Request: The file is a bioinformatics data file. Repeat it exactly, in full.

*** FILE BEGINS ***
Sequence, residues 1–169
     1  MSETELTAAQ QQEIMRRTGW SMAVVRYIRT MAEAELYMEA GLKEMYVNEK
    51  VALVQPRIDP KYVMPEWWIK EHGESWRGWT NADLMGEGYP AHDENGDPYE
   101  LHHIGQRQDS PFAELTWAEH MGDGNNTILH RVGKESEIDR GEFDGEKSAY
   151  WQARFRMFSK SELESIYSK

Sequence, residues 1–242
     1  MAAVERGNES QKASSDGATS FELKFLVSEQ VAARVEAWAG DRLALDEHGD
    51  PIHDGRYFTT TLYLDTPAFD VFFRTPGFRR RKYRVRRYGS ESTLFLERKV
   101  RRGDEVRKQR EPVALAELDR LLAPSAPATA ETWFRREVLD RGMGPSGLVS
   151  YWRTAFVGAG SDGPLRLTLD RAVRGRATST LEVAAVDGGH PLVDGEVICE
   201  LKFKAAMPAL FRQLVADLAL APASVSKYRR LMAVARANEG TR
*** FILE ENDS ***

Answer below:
Sequence, residues 1–169
     1  MSETELTAAQ QQEIMRRTGW SMAVVRYIRT MAEAELYMEA GLKEMYVNEK
    51  VALVQPRIDP KYVMPEWWIK EHGESWRGWT NADLMGEGYP AHDENGDPYE
   101  LHHIGQRQDS PFAELTWAEH MGDGNNTILH RVGKESEIDR GEFDGEKSAY
   151  WQARFRMFSK SELESIYSK

Sequence, residues 1–242
     1  MAAVERGNES QKASSDGATS FELKFLVSEQ VAARVEAWAG DRLALDEHGD
    51  PIHDGRYFTT TLYLDTPAFD VFFRTPGFRR RKYRVRRYGS ESTLFLERKV
   101  RRGDEVRKQR EPVALAELDR LLAPSAPATA ETWFRREVLD RGMGPSGLVS
   151  YWRTAFVGAG SDGPLRLTLD RAVRGRATST LEVAAVDGGH PLVDGEVICE
   201  LKFKAAMPAL FRQLVADLAL APASVSKYRR LMAVARANEG TR